IV tPA should be offered to patients presenting within the 4.5 h (3–4.5 h use is recommended by American Heart Association/American Stroke Association (AHA/ASA) but not FDA approved and therefore off-label) window who meet the inclusion and exclusion criteria. Selection of candidates for intravenous thrombolysis requires a neurologic evaluation, neuroimaging, determination of eligibility in accordance with the inclusion, and exclusion criteria (Table 1).

Table 1
Guidelines for the use of IV tissue plasminogen activator (tPA)



Warningsa (relative contraindications)

>18 years of age

Hemorrhage on imaging

Abnormal blood glucose (<50 mg/dL or >400 mg/dL)

Measurable deficit NIHSS

Subarachnoid hemorrhage on imaging

Severe neurologic deficit (NIHSS > 22)

Symptom onset within 3 h

Serious head or spinal trauma within the last 3 months

Major and early infarct signs on CT

No hemorrhage on CT

History of intracranial hemorrhage

Minor neurologic deficit

No contraindications (see next column)

Uncontrolled hypertension SBP > 185 or diastolic >110 mmHg

Rapidly improving symptoms

Seizures at onset of stroke

Active internal bleeding

Intracranial neoplasm, AVM, or aneurysm

Known bleeding diathesis (INR > 1.7, PT > 15, heparin within the past 48 h w/elevated aPTT

Platelet count <100,000

aIn these certain situations, benefits should be weighed against risks

Today’s guidelines for tPA administration come from the original trials designed to show the efficacy of tPA in acute stroke patients. Noncompliance with the guidelines has been associated with an increase in the risk of hemorrhage [9]. However, strict compliance with these criteria has excluded patients who may have benefitted from receiving tPA. Therefore, in extreme emergent situations, a rational individualized decision may be necessary for a certain patient.

Before starting IV tPA, the treating physician should make sure that treatment is within 4.5 h of onset of symptoms, there is a measurable neurologic deficit, inclusion and exclusion criteria are met, non-contrast head CT or MRI is done and does not show hemorrhage or large infarct, blood pressure parameters are met, IV lines are in place, and accurate body weight has been determined.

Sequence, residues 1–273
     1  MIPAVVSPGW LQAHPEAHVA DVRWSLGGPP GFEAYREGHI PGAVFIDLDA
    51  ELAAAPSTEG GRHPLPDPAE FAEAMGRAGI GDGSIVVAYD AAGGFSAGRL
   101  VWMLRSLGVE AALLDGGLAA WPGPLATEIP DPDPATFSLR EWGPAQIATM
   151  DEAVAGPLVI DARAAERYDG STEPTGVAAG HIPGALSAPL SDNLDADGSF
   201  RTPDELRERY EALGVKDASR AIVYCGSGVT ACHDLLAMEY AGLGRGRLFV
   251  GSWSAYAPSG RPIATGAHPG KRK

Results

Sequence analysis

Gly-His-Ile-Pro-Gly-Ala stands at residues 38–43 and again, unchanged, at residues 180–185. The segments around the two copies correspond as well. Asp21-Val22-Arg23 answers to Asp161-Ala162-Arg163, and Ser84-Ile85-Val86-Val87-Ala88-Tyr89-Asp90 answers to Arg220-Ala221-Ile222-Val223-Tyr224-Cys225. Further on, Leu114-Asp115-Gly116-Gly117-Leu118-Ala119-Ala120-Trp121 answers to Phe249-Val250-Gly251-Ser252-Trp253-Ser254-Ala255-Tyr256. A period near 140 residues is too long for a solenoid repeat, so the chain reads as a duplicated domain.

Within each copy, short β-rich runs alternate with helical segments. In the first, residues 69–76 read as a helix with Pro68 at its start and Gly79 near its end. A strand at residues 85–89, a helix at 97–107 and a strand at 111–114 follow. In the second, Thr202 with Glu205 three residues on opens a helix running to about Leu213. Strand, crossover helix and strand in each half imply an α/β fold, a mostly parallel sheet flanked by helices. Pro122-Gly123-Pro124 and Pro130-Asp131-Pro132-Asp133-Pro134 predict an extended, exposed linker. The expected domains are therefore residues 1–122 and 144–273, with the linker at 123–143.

Serum glucose should be checked to ensure that hypoglycemia is not a cause of the precipitating neurologic findings. Patients with low platelet counts or elevated prothrombin times should be excluded. Uncontrollable hypertension is also exclusionary.

The tPA dose is calculated at 0.9 mg/kg of actual body weight with a maximum dose of 90 mg. Ten percent of the dose is given as a bolus over one minute. The rest is infused over an hour. Following administration of tPA, close monitoring of the patient is required with frequent assessment of vital signs and neurologic status as per local institution guidelines. A follow-up CT should be done 24 h post-tPA administration or sooner if there is any deterioration in clinical exam.

Tight blood pressure control is essential during the administration of thrombolytic therapy. The blood pressure must be less than or equal to 185/110 mmHg before starting the medication. Aggressive blood pressure lowering can be achieved using a variety of antihypertensives. Labetalol or IV nicardipine are routinely used. If blood pressure cannot be reliably controlled, thrombolytic therapy should not be administered. Following administration of tPA, the blood pressure needs to be kept below 180/105 for at least 24 h.

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Dec 11, 2016 | Posted by in NEUROLOGICAL IMAGING | Comments Off on Medical Therapy of Acute Stroke